If you know Pappy Van Winkle, chances are you know of him as a rare and elusive beacon of bourbon, spoken of in hushed tones, reverence, an almost mythical epitome of what bourbon can and should be. If you don’t know Pappy Van Winkle, well… you’ll be better off once you make his acquaintance.
When thinking about great Southern distilleries, it’s hard to argue that there is one more distinguished or revered than Old Rip Van Winkle. The history of the Old Rip Van Winkle Distillery is deep – four generations of Van Winkles working in the heart of Kentucky bourbon country, turning out some of the most prized spirits the world over. Julian P. “Pappy” Van Winkle was born in Danville, Kentucky, and after college (in the late 1800’s) moved to Louisville to work for W.L. Weller. Pappy soon joined a friend in taking over W.L. Weller as well as the Stitzel Distillery, forming the Stitzel-Weller Distillery. They produced bourbon for brands including W.L. Weller, Old Fitzgerald, and Rebel Yell. When Pappy passed away in 1965 at 91 years of age, Julian, Jr., took over. After being forced to sell off the distillery’s brands, Julian, Jr., resurrected the pre-prohibition “Old Rip Van Winkle” label that you see today. Julian, III, took over in 1981 and still leads the charge for this venerable brand of bourbon. And Pappy? The Pappy Van Winkle moniker is reserved for the most precious bottlings in their line – the 15 year old, 20 year old, and 23 year old aged bourbons.
So, what is it that distinguishes Old Rip Van Winkle, and, more specifically, their Pappy Van Winkle bourbons? There is, of course, the family heritage. Julian, III, recognizes the importance of the place and the heritage of Kentucky bourbon, praising “the water, weather & expertise of the people who make bourbon here in Kentucky.” True, Pappy Van Winkle wouldn’t be the same if it were produced anywhere else. He understands that the heritage and the end product are inherently intertwined, saying, “We are very proud to be Southerners, and from Kentucky, which I think comes through in the whiskey we make.”
What else sets them apart? There is the dedication and patience of focusing on bourbons aged from 15 to 23 years. There is the rarity – limited releases just twice a year that seem to disappear from shelves as quickly as they arrive. And, then, there is the recipe, specifically the use of wheat, rather than rye, in addition to the corn and barley. The family holds that the wheat is the key to their bourbon’s slow but magnificent evolution as it ages through the years in deep charred heavy oak, and it’s hard to argue with the results. Julian, III, commented on the aging process: “As the bourbon gets older, it picks up more color and flavor from the charred new oak barrels. Each year in the barrel produces different flavor in the whiskey, picking up more oak as it ages. As it gets older, our wheated bourbon recipe becomes more smooth, with less of a bite. The 20 year Pappy is actually the smoothest of all. After 20 years, it has become almost like a cognac.” Indeed, just a whiff of the 23 year old Pappy is all it takes to recognize that something magical happens in those final years in the barrel, an evolution, a transformation that must be experienced firsthand to truly be appreciated. Did you notice the legend on the label next to the image of Rip Van Winkle, “asleep many years in the wood”? Just like the fabled Rip Van Winkle’s 20 years of sleep, the Pappy Van Winkle emerges from its time “in the wood” in a cloud of magic and mystery.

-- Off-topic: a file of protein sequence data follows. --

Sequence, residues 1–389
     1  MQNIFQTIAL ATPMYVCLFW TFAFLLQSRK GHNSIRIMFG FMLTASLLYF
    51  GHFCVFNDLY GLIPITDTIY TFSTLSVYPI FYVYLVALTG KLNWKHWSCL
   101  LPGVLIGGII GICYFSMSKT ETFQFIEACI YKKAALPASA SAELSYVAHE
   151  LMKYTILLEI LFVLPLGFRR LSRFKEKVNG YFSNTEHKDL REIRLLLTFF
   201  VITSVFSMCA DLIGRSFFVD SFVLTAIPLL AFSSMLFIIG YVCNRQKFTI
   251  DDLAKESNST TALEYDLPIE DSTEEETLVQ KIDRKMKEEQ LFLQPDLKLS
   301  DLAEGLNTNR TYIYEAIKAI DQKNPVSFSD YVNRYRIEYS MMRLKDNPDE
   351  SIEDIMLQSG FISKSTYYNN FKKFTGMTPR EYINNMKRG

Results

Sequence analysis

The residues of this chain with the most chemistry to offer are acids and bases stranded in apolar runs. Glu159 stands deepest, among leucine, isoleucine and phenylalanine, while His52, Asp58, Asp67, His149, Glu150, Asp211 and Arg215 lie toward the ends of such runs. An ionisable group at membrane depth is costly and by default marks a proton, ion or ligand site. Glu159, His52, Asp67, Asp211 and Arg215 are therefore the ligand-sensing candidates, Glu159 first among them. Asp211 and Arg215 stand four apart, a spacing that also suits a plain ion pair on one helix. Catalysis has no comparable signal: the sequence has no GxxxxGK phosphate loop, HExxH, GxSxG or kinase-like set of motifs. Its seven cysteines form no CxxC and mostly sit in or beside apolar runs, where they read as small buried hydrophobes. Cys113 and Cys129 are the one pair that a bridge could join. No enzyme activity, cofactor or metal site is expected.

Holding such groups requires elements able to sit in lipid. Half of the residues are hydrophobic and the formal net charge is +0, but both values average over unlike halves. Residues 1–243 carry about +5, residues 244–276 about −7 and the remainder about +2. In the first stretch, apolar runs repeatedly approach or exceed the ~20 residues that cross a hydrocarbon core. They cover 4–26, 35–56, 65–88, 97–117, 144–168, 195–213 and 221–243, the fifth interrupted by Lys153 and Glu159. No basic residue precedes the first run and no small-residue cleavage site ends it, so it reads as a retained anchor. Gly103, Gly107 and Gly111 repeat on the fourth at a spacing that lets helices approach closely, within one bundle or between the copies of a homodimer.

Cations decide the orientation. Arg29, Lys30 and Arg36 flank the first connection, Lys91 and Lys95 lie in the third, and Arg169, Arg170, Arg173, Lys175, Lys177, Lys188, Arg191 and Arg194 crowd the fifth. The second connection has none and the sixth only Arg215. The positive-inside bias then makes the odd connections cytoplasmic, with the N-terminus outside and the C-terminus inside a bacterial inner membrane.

In addition to the lineup shown above – which includes the 23 year old Pappy Van Winkle Family Reserve, the 20 year old Pappy, the 15 year old Pappy, and the two 10 year Old Rip Van Winkle Handmade Bourbons (90 proof and 107 proof) – there are two very-hard-to-find special reserves, the 12 year old Van Winkle Special Reserve and a 13 year old Van Winkle Family Reserve Rye. The awards and honors for Pappy Van Winkle are too numerous to count, but suffice it to say that each and every bottle is worth trying. If you ask us, the 15 year old Pappy is the bargain of the bunch (if you can find it), but if you have a chance to try the 20 year old and 23 year old, you will be privy to a rare and utterly unique experience in bourbon tasting. Hours can be spent over them, taking in the aroma, the history, the deep layers of concentrated Kentucky goodness.